After 12 years of offering a weekly Buddhist program at Sing Sing Correctional Facility, the Village Zendo has given the first precept ceremony at the maximum-security prison north of New York City.

“It took a long time for the group to have the maturity,” said Randall Ryotan Sensei Eiger, who has coordinated the program since its inception in 2005. “There was a growing interest in that side of the practice, and I finally decided it was time.”

The precepts are a set of ethical guidelines in the Buddhist tradition, and the 16 Bodhisattva Precepts of the Village Zendo include the three refuges (taking refuge in the Buddha, his teachings, and the community), the three pure precepts (not-knowing, bearing witness, and loving the self and others), and the 10 grave precepts, which include abstaining from killing, stealing, and taking or giving drugs.

Volunteer teachers from the Village Zendo travel to the prison in Ossining every Sunday to meet a core group of about 10 practitioners. Many of the members have very long sentences, Eiger said, and one of the members has been with the group since its beginning.

Eiger declined to give the name of the inmate who took the precepts, citing privacy reasons required by the Department of Corrections as well as his personal policy.

“I was very happy when he took the precepts. He was really ready, he was going through some really positive changes in his life,” Eiger said.

Eiger and other teachers from the Village Zendo spent six weeks preparing for the precept ceremony, which took place on Oct. 23, 2016. Eiger said that although the group meets in a prison, the program is very similar to what is offered at the Village Zendo—periods of zazen [sitting meditation], a ceremony, and a dharma talk.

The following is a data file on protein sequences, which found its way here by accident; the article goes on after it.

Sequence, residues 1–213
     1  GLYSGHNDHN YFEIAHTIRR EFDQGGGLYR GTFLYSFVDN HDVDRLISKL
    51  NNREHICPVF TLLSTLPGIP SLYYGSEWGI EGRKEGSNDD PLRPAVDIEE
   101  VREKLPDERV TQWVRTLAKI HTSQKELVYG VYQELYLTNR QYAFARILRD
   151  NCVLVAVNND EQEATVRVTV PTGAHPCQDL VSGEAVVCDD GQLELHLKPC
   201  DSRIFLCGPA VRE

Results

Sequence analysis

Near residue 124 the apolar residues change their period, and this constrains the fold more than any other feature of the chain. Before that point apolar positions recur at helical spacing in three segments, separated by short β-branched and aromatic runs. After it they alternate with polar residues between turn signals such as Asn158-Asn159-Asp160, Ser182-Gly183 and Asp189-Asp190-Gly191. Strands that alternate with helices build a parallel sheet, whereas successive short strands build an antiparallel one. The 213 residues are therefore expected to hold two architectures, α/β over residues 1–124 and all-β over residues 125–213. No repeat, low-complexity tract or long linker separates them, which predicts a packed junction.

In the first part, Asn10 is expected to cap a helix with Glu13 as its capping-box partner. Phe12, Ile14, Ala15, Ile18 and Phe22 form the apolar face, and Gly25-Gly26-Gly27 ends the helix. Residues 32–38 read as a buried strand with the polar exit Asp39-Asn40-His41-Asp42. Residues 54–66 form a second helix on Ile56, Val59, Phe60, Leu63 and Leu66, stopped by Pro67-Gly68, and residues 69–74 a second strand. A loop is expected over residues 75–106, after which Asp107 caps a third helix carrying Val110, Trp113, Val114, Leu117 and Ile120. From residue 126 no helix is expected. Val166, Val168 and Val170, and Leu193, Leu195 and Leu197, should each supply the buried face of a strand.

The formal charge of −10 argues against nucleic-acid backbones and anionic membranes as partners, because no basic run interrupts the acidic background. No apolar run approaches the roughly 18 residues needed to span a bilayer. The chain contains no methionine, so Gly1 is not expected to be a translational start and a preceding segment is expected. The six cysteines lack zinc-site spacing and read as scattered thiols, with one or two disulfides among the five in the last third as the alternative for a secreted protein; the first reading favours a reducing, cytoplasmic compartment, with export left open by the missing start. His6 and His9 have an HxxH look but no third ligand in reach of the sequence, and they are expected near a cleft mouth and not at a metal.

Still, the practitioners and teachers have to contend with Department of Corrections regulations and the often-violent reality of prison life.

“It was out of the question that he’d be able to sew his own rakusu [a Zen garment worn around the neck], so that part we fudged,” Eiger said. “Their main concern was that the rakusu might become some kind of gang identification. So they were OK with [him having it] as long as he didn’t take it back to his cell.”

Except for two hours on Sundays, the rakusu, as well as other religious supplies from the different faith groups that offer services at the prison, are locked up in a cabinet.

And while Sing Sing might seem to offer a different set of challenges regarding the vows, Eiger said the way he teaches the precepts is “they’re not separate from the environment that you’re living in.

“They’re going to be different if you’re living in a monastery in India or if you’re in a monastery in the United States, or if you’re working in a law office or if you’re incarcerated in a maximum security facility. The precepts are the thing,” Eiger said. “[In prison], sometimes other guys will confront you, challenge you in some way. They call it ‘being punked.’ And if you back down or flash them the peace sign you can expect to be in danger of your life. So the question we work with at Sing Sing is how you keep the precepts in this environment.”

Thank you for subscribing to Tricycle! As a nonprofit, to keep Buddhist teachings and practices widely available.

This article is only for Subscribers!

Subscribe now to read this article and get immediate access to everything else.

Subscribe Now

Already a subscriber? .